Saturday, May 23, 2015

5/23/15 Report - Cluster Hunting and A Strange Coin Hole Containing Hundreds of Coins In One Small Area.

Written by the TreasureGuide for the exclusive use of

Jensen Beach This Morning.
I've been thinking of talking about cluster hunting and today provided a good illustration.

The first thing I normally do on a beach after looking it over and checking any spots that might look especially promising is run a loose scan with the intent of finding any clusters or hot spots.  I'm not so much interested in single finds as I am interested in finding clusters such as coin holes or coin lines.

To find a cluster first run a very loose pattern over large areas.  If you hit one good target then you can check to see if it might be part of a cluster.

Well, I  went to the beach this morning.  There were a few thunder showers in the area but I didn't think it would last and was prepared anyhow.

Not seeing cuts or any signs of hot spots, I quickly ran a loose scan over a hundred yards or so.  I  didn't hit a single coin until I came to a spot where it sounded like there was either something very big or a bunch of items.

When I started to dig, I found shiny new coins.  There were more and more.  At first I thought it was a spill, but then it got bigger than what I thought a spill would likely be.  By the time I quit I dug nearly 300 coins, which were distributed in an oval shaped area no bigger than fifteen by thirty feet that ran from near the water line to near the high tide line.

It seemed like it was too big for a spill, and if a coin hole, it was the most dense coin hole that I've ever seen on the Treasure Coast.  The coins were often so close that several would sound like a single large item.  The detector I was using isn't great on target separation anyhow.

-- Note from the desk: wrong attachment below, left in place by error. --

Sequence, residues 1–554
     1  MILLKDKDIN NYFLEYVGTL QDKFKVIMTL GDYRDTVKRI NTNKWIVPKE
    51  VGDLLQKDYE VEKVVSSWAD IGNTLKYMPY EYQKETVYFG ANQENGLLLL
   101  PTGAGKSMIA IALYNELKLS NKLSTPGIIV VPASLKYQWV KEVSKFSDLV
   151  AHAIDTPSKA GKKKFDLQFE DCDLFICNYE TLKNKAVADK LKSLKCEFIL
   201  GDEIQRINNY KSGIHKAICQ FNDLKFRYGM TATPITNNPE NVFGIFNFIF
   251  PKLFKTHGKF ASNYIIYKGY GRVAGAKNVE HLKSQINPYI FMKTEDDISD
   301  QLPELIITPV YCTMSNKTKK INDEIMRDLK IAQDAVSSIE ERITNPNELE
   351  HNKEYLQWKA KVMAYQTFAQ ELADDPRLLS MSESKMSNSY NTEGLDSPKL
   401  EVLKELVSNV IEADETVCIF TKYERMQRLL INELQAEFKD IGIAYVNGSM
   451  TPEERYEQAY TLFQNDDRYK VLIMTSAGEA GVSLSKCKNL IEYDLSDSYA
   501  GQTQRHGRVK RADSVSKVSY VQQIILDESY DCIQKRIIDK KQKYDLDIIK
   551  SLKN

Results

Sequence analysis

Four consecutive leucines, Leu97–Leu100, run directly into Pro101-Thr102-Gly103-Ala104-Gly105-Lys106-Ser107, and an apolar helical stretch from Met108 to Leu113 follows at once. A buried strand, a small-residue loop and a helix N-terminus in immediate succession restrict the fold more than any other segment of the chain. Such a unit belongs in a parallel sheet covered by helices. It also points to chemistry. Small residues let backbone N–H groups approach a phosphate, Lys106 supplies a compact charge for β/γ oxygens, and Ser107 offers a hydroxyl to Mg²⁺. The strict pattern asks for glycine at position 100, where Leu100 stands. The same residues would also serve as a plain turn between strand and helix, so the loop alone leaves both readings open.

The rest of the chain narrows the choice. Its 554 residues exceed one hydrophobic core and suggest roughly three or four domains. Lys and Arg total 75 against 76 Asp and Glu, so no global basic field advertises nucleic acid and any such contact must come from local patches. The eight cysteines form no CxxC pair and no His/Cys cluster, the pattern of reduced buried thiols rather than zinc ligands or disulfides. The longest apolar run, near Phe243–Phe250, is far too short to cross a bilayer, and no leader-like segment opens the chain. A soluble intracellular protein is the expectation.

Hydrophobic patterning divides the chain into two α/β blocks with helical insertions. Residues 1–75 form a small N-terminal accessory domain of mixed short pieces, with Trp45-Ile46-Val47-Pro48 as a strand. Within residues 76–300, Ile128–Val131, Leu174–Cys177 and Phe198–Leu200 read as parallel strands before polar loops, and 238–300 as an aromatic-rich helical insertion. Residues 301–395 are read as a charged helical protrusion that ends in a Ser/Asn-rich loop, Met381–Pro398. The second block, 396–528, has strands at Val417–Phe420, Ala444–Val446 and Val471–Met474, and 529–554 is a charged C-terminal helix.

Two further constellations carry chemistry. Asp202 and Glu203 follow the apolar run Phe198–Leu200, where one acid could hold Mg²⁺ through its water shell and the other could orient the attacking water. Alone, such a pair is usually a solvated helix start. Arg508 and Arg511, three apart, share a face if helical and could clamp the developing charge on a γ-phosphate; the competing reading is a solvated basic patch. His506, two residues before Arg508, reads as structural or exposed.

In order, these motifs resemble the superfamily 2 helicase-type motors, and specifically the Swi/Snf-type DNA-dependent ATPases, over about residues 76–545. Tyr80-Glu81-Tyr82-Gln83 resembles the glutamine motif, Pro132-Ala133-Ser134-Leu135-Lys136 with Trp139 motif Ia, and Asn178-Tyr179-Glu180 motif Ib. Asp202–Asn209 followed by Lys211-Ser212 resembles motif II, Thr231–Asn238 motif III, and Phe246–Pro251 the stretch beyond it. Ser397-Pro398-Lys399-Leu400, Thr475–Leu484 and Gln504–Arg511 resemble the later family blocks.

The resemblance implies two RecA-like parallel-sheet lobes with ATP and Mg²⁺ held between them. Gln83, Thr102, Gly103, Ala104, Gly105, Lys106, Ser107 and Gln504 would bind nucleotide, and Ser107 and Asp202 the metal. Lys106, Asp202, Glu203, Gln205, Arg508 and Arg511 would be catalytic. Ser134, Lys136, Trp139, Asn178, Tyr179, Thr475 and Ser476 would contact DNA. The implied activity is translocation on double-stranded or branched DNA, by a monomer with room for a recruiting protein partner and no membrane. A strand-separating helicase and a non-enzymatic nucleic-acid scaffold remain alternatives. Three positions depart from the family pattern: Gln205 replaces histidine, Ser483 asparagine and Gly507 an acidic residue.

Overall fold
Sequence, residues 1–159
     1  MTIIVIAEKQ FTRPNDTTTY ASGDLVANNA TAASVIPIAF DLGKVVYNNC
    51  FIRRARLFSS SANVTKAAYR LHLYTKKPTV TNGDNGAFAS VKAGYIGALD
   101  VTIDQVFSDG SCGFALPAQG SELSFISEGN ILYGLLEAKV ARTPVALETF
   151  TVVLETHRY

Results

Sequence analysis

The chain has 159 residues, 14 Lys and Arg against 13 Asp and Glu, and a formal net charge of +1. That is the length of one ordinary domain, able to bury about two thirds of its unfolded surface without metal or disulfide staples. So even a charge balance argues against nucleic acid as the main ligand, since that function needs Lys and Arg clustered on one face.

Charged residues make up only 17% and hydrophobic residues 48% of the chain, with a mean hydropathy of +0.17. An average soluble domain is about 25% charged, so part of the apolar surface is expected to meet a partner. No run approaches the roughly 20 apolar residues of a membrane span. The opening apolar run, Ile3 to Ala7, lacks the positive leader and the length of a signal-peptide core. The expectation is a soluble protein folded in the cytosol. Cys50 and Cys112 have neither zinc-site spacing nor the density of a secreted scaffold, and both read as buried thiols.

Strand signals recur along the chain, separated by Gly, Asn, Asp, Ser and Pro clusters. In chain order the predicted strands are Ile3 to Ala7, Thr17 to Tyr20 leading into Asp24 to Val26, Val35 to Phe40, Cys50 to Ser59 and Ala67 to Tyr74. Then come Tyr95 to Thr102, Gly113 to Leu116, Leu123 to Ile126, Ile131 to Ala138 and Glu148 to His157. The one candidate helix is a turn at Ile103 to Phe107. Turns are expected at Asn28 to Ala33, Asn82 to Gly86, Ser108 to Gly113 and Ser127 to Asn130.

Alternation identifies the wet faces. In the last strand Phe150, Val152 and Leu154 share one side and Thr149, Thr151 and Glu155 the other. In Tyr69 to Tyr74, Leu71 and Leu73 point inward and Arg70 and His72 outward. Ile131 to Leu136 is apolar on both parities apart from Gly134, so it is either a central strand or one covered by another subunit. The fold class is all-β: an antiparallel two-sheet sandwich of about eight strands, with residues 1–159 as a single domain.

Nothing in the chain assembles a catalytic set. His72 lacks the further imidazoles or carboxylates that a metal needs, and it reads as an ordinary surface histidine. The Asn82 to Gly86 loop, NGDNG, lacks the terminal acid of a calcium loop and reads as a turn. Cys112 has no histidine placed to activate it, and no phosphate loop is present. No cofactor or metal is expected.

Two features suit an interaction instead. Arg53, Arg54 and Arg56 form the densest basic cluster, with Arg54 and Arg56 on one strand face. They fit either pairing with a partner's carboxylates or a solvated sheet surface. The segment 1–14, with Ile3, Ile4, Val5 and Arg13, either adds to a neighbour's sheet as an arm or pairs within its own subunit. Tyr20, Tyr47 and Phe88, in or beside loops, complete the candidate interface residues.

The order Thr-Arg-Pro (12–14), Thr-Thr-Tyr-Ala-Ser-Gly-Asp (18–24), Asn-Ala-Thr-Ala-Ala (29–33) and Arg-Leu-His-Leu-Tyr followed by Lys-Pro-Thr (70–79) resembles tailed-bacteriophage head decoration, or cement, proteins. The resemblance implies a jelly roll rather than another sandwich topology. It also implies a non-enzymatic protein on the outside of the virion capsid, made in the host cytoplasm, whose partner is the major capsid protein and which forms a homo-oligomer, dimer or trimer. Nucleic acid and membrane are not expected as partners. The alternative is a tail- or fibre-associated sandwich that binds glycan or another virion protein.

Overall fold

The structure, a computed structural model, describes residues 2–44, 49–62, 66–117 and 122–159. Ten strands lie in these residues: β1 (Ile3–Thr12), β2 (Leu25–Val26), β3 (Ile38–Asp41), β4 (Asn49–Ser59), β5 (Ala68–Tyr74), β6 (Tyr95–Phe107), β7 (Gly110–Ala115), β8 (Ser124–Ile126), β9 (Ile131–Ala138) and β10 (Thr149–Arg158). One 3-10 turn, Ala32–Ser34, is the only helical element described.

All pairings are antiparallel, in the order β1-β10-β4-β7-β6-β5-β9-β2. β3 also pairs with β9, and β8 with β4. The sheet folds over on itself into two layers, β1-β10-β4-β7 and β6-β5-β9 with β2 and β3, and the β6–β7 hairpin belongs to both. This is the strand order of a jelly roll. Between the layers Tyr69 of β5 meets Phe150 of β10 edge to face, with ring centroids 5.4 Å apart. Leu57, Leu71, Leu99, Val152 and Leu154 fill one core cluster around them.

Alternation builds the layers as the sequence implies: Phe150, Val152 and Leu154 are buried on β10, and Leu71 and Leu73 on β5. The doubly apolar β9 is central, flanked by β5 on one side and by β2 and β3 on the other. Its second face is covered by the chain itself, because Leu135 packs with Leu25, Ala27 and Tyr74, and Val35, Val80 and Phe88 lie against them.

I just realized that I probably should have switched to non-motion mode.  I don't know why I didn't think of that.  I guess I got too caught up in trying to figure out the hole.   Nearly three hundred coins packed into a small area and most of them, especially the first hundred or so dug close to the water line, looked like recent drops.

At first I thought there were only nice new coins, but as I moved up the slope some of the coins closer to the high tide line were encrusted or discolored, looking like they had been there a while.

I was thinking about leaving the coin hole without finishing it because the coins were so new looking that I didn't think there would be any gold there, but the coins were packed so close together that I was curious to see how many there were.  And I wanted to figure it out.  That is why I stayed as long as I did.

Beach Where the Coin Hole Was.
I couldn't see any beach features that would explain why the coins accumulated at that one spot.

Was it a spill?  Who would spill 300 coins?  But then there were some encrusted coins in with the new coins, so maybe it was a genuine accumulation.  I was curious and puzzled.

There was one wheat penny.  It didn't look like it had been on the beach long though.   Maybe it was a recent drop too.

Part of The Coin Hole
The coins were so close together that sometimes two or three would come up in one scoop.

I filled the holes several at a time as I went from water line up the slope.

Some of The Coins Dug This
Morning Just After Being Rinsed Off.

The coins appeared so new that the accumulation couldn't have taken long.  The hole was so dense that it appeared to be a spill, but the spill was bigger than a normal spill.

I found a cluster of some sort.  Not all clusters are the same though.  Some clusters contain old coins and things.  Some clusters contain gold.  This one showed no signs of gold and little evidence of older items.

I don't know the last time I dug continuously for hours in wet packed sand, but I was getting tired.

Finally I think I figured it out.  What I think happened is a few days ago, but not long ago, a beach wedding took place and people threw coins instead of rice wishing the married couple prosperity.

Maybe they weren't interested in fertility. :)

Or maybe it was something else.  I'm pretty sure now that it was not caused by natural beach processes.

That is about the only way I can account for 300 coins so closely packed without much movement of sand.

One of my main points today is that clusters are not all the same.  Some are not worth the time.  Those that contain older items or those that have accumulated over time are more promising.

While I dug these these coins I only dug one piece of junk - a beer bottle cap.  That is amazing too.

If you know of any traditions or anything else that could account for this strange cluster, let me know.

The surf on the Treasure Coast will be increasing a bit - up to near five feet or so next week.

Happy hunting,